Archive for the ‘healing’ Category

What healing requires (Luke 17:11-19)

Monday, October 11th, 2010

Yesterday’s Gospel reading told the story of ten lepers who called upon Jesus for a healing. All were healed, but only one realized he was truly healed and returned to give thanks to God. While the other nine were healed in body, the tenth was healed also in heart, mind and soul.

Leprosy was a terrible scourge, the AIDS of its time. Besides the physical toll it took, it also ravaged the inner life  like no other. Illnesses create emotional wounds because of the isolation and fear they cause. Despite the love and sympathy of family and friends, you still ultimately have to bear your illness alone. But an illness that is not ‘acceptable’ creates deeper wounds because of the shunning one receives as a result. Lepers were banished from all contact with family, friends and society. Because of the ease in which the disease was transmitted, and the physical ugliness that it created, people ran in horror from you if you were a leper. Who can forget those haunting scenes from the movie “Ben Hur,” where we find Ben Hur’s mother and sister in the leper colony, stripped of all hope. AIDS victims today often face the same treatment.

So for Jesus to even acknowledge lepers was radical. In many cases, He even touched them.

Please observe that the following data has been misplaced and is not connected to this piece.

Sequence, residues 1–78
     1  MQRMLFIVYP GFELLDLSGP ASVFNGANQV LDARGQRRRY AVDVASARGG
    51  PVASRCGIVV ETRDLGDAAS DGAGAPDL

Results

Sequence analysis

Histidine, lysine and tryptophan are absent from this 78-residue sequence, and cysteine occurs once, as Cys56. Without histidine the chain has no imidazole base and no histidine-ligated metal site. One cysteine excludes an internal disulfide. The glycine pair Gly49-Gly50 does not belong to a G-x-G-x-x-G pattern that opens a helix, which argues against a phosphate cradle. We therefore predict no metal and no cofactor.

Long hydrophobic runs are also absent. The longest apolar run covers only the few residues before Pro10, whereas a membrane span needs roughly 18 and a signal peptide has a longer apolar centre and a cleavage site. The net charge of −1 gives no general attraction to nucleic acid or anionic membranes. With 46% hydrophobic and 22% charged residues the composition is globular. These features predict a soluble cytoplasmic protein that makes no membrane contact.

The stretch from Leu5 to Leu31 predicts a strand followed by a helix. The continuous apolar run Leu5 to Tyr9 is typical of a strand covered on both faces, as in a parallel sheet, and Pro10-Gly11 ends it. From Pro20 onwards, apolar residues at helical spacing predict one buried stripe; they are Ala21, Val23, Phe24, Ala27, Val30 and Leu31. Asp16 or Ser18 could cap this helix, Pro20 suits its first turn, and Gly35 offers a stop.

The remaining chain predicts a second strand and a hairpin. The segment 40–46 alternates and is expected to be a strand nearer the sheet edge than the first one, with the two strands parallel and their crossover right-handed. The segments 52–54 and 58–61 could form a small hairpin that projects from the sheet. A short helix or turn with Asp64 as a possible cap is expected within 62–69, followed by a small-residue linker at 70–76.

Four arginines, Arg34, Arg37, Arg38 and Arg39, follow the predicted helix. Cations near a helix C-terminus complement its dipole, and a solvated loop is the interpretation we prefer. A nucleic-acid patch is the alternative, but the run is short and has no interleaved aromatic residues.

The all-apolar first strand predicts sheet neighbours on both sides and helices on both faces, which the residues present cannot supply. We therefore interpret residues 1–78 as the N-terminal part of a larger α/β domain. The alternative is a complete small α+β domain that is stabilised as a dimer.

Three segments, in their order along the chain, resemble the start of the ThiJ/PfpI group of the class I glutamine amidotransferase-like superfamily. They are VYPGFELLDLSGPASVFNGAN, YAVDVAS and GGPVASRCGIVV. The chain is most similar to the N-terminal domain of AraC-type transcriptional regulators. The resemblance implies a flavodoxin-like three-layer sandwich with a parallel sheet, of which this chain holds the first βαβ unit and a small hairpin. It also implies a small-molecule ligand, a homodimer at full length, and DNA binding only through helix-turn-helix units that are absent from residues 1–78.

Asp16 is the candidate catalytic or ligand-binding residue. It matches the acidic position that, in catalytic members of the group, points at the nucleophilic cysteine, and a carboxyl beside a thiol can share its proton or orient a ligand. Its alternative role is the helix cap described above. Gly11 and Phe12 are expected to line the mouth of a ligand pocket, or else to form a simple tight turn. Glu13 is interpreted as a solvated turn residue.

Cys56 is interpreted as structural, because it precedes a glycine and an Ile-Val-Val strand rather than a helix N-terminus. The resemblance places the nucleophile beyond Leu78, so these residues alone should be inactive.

In the case of the ten, He surely meant to heal each totally of his wounds: heart, mind, body and soul. The body obviously was the easiest part to heal. The healing of the inner self requires a much deeper faith.

Perhaps this is why the tenth leper was able to come back and thank Jesus when the other nine could not. His faith was deep enough to accept a total healing.

That kind of faith requires an openness found in a childlike heart that has not been hardened by bitterness and pain, the kind of heart Jesus says we must have to find life in Him. When one has a heart like that, one sees plainly the blessings, and the healing, that come from the Lord.

I find that the more I am clinging to Jesus, moment to moment, as a child would cling to a parent, the more I can see Him, even down to the smallest blessing or the smallest sin that I commit. This is what it takes to ‘see’ a healing. It’s all too easy to forget about Jesus as He is not physically in plain view. But I have His Word to read, His Spirit living within me and His people around me, especially in His Church, and it’s up to me to claim these things each and every day.

Appreciating the true beauty – reflections on readings for Sept. 16

Thursday, September 16th, 2010

Here are today’s readings
1 Corinthians 15:1-11; Psalm 118:1-2,16-17,28; Luke 7:36-50

I was touched by the beauty of today’s Gospel reading about the sinful woman washing the feet of Jesus, and the purity of her love despite her sins. In The Word Among Us, the writer speaks of this love as being the vehicle by which Jesus offers His forgiveness. Her love was so pure that she wasn’t put off by dirty feet! She gave totally of herself, asking nothing in return. Here was  a true repentant heart!